Proclivity for Rebellion: On Embracing Sixty

I think many of us assume, when we are young, that we will be chilled and sorted beings by a certain age; that this tremulous and gauzy curtain of adulthood will rise upon a world of perfection and that the mirror image will reveal a flawless character shining through an angelic visage.

I am now in the process of planning my sixtieth birthday party (and, yes, I am going to have one and raise merry hell!) – and, as I do so, I am blitzed by whirling images of the earlier Ali and her unrealistic expectations! You know the kind of thing: ‘By 20/30/40/50, I will be sensible/mature/sober/free from all neurosis/impervious to pain and insult/above it all…’

It staggers me to think about this human tendency, this unassailable urge so many of us feel to try and airbrush out (or hope that we can) all that actually makes us human!

How bloody stupid and what a sodding waste of time and precious energy.

So, and in no particular order, I have always been a worrier – and can remember vividly waking up from terror dreams, in which feathers featured prominently, aged three, and fretting about wetting the bed when I was not much older. Anxiety kicked in early, as did social shyness and psychosomatic illness. An excellent ear for music and a love of words also showed themselves before I was five.

Two weeks before my sixtieth birthday, I can safely say that my tendency to worry remains (and that anxiety is never very far away). Although I make a good fist of being socially adept and can, these days, throw a party without having a nervous breakdown or throwing up, my need to hide from the world when overwhelmed by noise and people is as strong as ever. Music and words are as essential to the nearly-sixty year old Ali as they were to the socially-awkward little Bambi.

I have not ironed out all my problems (and sorry, guys, I refuse to use the word ‘issues’ here) – and, in all probability, never will – but I have managed to control some of the worst of them. My temper, for example: I no longer throw things through windows or hit siblings’ friends on their noses with maracas when in a rit of fealous jage – and I am far less passive-aggressive than I used to be (though this is still a known weakness of mine!).

I am not an angel. I am not a cuddly archetypal granny. I am not smooth and forgiving and calm and passion-free. I have not, as yet, experienced any diminution of my essential life force, nor do I discount an eventual return to the glories of sex and love on the basis of age alone! Why should I?

I am every bit as curious, querulous, difficult, blunt, rude, bawdy and, at times, offensive, as I ever was – and any sliding towards an age-appropriate way of behaving (according to societal mores) is checked immediately with a surly and thoroughly unmannerly, ‘Fuck off!’

It is not that I am afraid of getting older, because I am not; it is more this: I have been a rebel for most of my life and am buggered if I am going to stop just because the Bus Pass is on its way! Sod that! If I were Booby, I daresay I would use the old free charabanc ticket to travel far and wide in search of toothsome young men!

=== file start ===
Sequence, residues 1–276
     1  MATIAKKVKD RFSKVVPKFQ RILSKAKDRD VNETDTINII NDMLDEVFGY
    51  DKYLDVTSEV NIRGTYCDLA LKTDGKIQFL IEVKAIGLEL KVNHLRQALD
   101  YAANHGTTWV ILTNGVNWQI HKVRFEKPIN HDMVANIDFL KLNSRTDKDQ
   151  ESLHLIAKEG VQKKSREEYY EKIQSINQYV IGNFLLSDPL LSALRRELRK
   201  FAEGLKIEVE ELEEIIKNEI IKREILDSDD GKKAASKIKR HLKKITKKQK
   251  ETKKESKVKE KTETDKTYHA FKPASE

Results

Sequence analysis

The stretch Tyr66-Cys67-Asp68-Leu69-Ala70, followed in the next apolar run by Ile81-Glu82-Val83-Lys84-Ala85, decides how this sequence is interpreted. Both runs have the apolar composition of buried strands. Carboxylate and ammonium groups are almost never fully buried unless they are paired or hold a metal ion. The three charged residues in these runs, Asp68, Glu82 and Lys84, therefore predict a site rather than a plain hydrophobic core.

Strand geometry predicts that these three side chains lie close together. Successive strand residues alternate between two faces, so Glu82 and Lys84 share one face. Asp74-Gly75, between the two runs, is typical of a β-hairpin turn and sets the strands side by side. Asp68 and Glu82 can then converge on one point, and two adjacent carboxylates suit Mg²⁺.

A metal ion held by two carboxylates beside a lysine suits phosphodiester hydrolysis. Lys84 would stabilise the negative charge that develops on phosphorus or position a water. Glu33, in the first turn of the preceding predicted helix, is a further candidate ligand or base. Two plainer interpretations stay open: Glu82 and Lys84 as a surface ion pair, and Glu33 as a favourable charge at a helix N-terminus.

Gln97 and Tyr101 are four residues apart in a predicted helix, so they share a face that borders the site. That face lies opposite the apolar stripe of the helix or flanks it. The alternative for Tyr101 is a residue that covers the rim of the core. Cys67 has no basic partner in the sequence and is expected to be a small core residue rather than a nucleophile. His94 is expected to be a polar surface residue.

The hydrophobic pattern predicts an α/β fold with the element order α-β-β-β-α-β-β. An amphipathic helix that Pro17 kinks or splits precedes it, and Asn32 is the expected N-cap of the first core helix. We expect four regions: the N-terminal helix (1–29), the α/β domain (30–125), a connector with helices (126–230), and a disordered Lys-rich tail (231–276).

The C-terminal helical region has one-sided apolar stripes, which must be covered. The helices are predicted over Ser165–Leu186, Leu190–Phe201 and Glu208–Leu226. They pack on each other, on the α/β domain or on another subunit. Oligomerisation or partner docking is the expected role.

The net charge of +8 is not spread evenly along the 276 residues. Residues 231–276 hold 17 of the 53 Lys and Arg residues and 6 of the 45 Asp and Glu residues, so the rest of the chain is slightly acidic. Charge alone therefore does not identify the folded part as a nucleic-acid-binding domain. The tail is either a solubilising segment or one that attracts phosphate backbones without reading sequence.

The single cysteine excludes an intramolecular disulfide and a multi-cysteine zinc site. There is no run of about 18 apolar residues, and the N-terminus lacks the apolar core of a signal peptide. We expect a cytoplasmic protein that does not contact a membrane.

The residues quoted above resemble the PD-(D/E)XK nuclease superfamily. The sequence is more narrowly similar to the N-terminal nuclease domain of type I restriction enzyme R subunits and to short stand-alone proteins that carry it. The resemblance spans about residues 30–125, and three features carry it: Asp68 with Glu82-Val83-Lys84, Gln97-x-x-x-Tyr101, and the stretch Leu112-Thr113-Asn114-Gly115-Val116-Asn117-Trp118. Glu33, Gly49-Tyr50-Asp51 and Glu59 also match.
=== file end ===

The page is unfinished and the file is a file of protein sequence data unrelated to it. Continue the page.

I think niceness and traditional virtues are often both boring and vastly over-rated. Women, in particular, are still controlled by expectations of gentleness and kindness and patience and putting others first. I am capable of all of those – but I can also be a selfish and demanding bitch, a raucous old moo, a gossiping hag and a real ‘Me! Me! Me!’ merchant!

I know plenty of women my age who have given in to grey hair gracefully – and I respect them for it! But, for me, there is still intense joy and delight in being foxy-haired – and, though I would not go as far as dyeing the pelt in the hold to match that on the deck (not with my allergic reactions, my dears!), I will continue to be an unnatural red head for the foreseeable future!

Why do we so often beat ourselves up for not being better? For not conforming to stereotypes dictated by a Patriarchal Society? For believing all this bollocks about how to be a particular age? For still being ‘imperfect’ once we reach, and pass, our notional majority?

Far too often, this drive for improvement flattens the personality, crushes the spirit and turns us all into grey tubes of meat, faceless and characterless.

Human nature is cracked! A splintered and patched mirror! But, as many of us know, the light really does shine through the cracks – and the clarity and rainbow colours produced by shattered prisms of ‘perfection’ are, in their way, far more beautiful and arresting!

Plenty of time to be the epitome of angelic virtues when one is dead!

Embrace sixty? You bet I will! Why not? It’s a new land to explore and I haven’t been there yet! It could be really exciting! Who knows?!

A woman after my own heart, this one! Vulgar old besom – and all the better for being so!

13 thoughts on “Proclivity for Rebellion: On Embracing Sixty

  1. Have a party, raise the roof with the joy of living to 60 and beyond! Dance the night away, drink till you are sick, eat too much and enjoy the hell out of LIFE! I did the red hair for years, until I became too poor to afford the hair dye…then noticed I had silvery white at the roots. I said the hell with it all and shaved my head the better to allow the white to shine through. Had great glee answering the busybodies who wanted to know whether ‘chemo” was difficult. Never give up the very qualities, good and awful, that make you YOU. Happy Birthday Ali!

    Liked by 1 person

  2. Good for you having a party! I was going to celebrate my 40th with cake and party, but celebrations were put on hold for a month and used as a send off for Bro to NZ and a housewarming party. My 50th was a quiet chinese meal in a posh restaurant, and my 60th a night in a hotel (no dog) for a hot bath with bubbles and rubber duck.

    Liked by 2 people

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